A city so rich in canals, Germanic architecture, narrow streets and romantic bridges that you almost feel like breaking into singing "Bonjour Bonjour" like Belle: the Walt Disney heroine in The Beauty and the Beast. But there is something else: it's a lively and dynamic city, not just a tribute to it's past. In hindsight it would have been better to visit it in another period (or from today ... November 22 ...) since the various chalets of the Christmas markets, scattered everywhere and not yet opened, added the warmth of a B&Q store managing somehow to block the views. Despite this it is a city that we will definitely visit again.
Baden Baden, 54,000 inhabitants, is about an hour from Strasbourg. Once again, we took advantage of Flixbus which, for a ridiculous price, took us to our destination.
For some reason unknown to me, our bus was stopped for border controls between the two countries. The fact that the three policemen seemed to belong to the cast of a gay adult movie, somehow made this inconvenience less annoying than it should have been...
All clear. We proceeded towards Baden Baden and shortly after the bus left us at the station.
From there a quick walk to the centre.
We thought ...
We managed to get lost, finding ourselves following a path that took us through woods and vineyards.
Finally we arrived in a vaguely urban area and asked a distinguished lady where the "Stadt Centrum" was located. She looked at us a little alarmed and with her hand, gestured that it was quite a way away, but that we were on the right path.
It was only when an hour later we really reached the centre and we found a map, that we understood that Baden Baden station is 8 km away from the town itself!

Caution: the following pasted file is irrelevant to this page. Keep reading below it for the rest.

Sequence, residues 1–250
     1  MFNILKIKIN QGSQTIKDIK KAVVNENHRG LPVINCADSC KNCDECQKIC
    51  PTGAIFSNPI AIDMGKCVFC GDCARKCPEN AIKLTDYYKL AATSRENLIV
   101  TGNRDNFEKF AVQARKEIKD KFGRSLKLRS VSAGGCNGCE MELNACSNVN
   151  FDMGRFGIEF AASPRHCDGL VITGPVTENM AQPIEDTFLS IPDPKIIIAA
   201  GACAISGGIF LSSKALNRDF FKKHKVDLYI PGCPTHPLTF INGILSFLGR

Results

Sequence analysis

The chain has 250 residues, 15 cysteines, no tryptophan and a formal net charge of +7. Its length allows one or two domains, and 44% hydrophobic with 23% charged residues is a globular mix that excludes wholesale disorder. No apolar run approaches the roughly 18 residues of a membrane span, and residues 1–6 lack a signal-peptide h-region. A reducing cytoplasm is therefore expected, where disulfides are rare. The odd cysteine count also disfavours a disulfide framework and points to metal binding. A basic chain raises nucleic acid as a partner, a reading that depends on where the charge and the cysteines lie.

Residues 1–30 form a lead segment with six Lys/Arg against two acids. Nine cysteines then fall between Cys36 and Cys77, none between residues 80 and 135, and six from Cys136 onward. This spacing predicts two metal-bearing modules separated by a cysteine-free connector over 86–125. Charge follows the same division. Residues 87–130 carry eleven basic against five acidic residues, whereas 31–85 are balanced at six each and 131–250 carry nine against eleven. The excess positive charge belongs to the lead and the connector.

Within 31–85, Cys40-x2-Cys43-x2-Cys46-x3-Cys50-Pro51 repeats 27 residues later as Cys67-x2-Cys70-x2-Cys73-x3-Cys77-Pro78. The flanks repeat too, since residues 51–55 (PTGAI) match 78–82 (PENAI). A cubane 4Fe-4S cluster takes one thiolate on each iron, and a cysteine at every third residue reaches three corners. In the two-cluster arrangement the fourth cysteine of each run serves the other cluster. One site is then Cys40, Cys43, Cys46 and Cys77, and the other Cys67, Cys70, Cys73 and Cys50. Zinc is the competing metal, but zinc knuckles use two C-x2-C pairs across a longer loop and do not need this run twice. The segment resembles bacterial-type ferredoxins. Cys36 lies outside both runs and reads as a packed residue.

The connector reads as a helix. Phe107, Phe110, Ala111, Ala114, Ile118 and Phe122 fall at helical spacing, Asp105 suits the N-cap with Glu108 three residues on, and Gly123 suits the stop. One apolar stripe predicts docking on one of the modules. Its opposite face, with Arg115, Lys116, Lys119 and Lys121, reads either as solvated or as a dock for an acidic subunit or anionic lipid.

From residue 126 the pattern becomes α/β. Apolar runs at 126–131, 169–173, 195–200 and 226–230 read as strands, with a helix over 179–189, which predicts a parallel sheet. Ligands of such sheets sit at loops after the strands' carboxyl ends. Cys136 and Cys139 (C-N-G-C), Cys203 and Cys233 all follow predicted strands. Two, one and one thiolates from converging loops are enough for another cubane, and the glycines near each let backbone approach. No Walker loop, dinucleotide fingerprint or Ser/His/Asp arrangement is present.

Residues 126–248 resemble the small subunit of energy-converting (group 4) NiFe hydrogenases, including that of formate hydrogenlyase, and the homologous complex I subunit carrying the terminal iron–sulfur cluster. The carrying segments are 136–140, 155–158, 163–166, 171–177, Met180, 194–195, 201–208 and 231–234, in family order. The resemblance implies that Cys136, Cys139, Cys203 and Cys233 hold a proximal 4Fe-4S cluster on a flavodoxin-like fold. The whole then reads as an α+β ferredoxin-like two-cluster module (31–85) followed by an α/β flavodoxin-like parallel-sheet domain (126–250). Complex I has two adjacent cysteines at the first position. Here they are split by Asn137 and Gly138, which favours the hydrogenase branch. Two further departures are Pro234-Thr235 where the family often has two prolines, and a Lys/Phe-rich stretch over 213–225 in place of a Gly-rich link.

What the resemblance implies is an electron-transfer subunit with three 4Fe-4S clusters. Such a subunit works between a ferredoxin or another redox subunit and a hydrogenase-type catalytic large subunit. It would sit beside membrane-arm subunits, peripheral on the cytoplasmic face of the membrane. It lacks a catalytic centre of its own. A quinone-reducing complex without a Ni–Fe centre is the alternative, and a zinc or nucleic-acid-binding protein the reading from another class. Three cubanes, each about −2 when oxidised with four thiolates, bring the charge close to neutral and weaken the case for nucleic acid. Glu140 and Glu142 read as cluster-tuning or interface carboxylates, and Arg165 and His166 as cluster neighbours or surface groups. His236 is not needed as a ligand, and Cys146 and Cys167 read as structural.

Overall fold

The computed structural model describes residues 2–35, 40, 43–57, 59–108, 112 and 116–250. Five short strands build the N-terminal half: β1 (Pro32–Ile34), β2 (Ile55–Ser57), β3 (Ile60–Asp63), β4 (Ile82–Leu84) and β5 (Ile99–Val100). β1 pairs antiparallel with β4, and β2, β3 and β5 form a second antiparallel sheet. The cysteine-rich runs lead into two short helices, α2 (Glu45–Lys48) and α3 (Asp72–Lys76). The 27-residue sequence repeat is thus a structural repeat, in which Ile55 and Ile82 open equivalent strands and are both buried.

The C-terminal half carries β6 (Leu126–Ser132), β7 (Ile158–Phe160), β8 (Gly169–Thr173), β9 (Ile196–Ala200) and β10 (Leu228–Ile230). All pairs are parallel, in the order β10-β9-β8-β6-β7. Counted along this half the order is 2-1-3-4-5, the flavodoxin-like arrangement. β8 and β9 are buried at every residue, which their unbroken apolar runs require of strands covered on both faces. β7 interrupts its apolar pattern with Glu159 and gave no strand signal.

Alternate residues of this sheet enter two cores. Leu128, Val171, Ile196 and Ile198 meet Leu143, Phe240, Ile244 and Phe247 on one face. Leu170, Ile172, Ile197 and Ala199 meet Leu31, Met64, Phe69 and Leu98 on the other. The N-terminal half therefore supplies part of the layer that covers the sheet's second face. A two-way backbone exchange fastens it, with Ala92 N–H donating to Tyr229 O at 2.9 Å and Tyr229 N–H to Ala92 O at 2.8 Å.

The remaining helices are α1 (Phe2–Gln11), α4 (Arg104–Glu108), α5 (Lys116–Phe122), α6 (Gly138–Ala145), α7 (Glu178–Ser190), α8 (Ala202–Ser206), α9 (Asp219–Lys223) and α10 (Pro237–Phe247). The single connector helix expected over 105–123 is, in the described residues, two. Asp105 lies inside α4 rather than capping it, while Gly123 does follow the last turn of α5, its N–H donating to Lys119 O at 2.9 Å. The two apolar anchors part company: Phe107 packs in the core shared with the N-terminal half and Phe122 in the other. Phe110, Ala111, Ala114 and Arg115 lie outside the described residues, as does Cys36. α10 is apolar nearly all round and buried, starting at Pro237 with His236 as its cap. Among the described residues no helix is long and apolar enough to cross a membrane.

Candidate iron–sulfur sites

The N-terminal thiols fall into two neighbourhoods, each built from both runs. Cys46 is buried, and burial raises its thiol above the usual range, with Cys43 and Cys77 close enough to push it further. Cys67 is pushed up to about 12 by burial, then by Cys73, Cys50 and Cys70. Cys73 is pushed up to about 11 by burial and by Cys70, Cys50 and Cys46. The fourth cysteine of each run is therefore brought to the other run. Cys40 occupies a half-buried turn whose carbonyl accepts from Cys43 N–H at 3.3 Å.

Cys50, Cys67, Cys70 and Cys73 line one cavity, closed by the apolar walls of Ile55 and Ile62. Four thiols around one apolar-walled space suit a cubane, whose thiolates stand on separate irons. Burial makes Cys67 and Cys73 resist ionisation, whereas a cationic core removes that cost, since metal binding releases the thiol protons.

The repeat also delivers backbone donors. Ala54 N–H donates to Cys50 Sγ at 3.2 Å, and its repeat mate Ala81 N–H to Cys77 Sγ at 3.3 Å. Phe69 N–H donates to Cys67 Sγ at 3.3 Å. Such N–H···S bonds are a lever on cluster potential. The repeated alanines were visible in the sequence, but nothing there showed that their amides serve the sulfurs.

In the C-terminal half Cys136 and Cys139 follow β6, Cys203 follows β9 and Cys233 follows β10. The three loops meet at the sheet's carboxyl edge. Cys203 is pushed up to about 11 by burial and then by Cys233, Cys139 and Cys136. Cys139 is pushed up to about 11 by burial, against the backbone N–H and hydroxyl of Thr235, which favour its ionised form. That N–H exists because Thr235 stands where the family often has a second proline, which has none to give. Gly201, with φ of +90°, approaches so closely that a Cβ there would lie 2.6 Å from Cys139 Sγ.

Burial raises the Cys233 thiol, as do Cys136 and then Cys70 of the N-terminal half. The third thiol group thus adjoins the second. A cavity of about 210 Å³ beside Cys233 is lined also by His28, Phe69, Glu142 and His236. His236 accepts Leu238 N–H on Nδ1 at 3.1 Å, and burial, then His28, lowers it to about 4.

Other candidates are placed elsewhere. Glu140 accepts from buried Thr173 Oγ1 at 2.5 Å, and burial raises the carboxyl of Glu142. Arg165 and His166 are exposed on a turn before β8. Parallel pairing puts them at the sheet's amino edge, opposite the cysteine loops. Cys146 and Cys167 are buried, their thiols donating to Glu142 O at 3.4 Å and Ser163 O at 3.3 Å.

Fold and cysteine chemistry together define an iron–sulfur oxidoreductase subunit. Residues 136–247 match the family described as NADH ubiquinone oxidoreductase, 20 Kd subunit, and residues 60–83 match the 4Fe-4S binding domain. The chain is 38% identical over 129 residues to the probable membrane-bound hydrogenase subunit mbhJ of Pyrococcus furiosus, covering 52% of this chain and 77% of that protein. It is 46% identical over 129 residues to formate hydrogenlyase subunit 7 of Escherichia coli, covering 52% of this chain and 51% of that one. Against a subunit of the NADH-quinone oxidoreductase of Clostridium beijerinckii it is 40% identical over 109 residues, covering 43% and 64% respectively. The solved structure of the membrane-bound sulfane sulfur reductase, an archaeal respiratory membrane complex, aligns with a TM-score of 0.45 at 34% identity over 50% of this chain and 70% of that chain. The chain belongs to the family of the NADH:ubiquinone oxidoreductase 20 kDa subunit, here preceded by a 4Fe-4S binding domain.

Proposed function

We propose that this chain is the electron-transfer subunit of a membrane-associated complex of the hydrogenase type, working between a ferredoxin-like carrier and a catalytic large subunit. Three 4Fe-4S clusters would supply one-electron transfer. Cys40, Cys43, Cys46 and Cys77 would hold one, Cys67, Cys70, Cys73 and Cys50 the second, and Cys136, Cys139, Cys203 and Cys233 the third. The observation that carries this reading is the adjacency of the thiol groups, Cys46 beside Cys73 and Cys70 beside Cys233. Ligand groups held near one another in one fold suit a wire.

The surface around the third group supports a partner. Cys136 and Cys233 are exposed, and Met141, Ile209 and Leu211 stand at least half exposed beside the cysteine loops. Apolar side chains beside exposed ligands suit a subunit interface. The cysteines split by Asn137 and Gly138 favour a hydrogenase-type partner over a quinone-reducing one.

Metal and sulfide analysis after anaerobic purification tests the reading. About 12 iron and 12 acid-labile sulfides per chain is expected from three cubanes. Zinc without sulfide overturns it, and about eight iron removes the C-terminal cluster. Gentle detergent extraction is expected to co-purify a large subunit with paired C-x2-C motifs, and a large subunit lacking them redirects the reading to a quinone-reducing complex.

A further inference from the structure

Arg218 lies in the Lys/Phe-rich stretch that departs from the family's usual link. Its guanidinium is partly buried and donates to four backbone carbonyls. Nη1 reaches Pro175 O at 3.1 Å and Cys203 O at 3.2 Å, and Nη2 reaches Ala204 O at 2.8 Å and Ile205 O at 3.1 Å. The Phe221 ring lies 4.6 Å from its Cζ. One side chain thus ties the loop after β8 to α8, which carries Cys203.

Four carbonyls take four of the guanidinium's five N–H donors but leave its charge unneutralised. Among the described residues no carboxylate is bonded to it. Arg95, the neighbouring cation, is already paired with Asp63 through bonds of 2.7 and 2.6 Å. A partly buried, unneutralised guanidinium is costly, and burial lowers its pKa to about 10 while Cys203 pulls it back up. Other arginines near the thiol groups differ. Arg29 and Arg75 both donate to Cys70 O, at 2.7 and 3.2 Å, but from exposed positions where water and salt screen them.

So ... I have to be fair: the day was grey, we were in the middle of the dead season and just like in Strasbourg the town was scattered by "works in progress" for the installation of the Christmas markets. So not the ideal situation, but I believe that even if we had found ourselves there with the town all sun-kissed I would have struggled to fall in love with it.
There is money, a lot of it: 1 millionaire for every 30 inhabitants. Russian and Ukrainian magnates mostly, but also German aristocrats, have made Baden Baden their second home and the city caters for this market. Dead minks and foxes sadly crowd the window displays of the luxury boutiques that line its elegant streets ... there is a severity about the place that chills me a little.
That being said, the long narrow park that stretches along the Oos river is romantically seductive even on a gloomy day.
The hills of the Black Forest that surround the city reminded me of the Vosges and, as usual, we couldn't resist another long walk in the woods. A circular path took us to the Walhaus: a viewing point chalet that opens onto Baden Baden and the surrounding hills, still dressed in autumn colours.
Back in the city we explored the upper district, around the Schloßbergstraße (!), Fewer people, fewer shops, no corpses. Much better.
The bus going back to Strasbourg arrived with Swiss punctuality, to confuse things.
Imagine my disappointment when no checks were made once we reached the border! I really wanted to know if the quality of the French customs police could compete with that of the German. Who knows, maybe they could star in a movie together keeping alive the spirit of the European Union!
If you wish, you can find the previous chapters here:https://www.intertwine.it/it/magazine/6x5HVUR/un-anno-a-gerardmer-a-year-in-gerardmer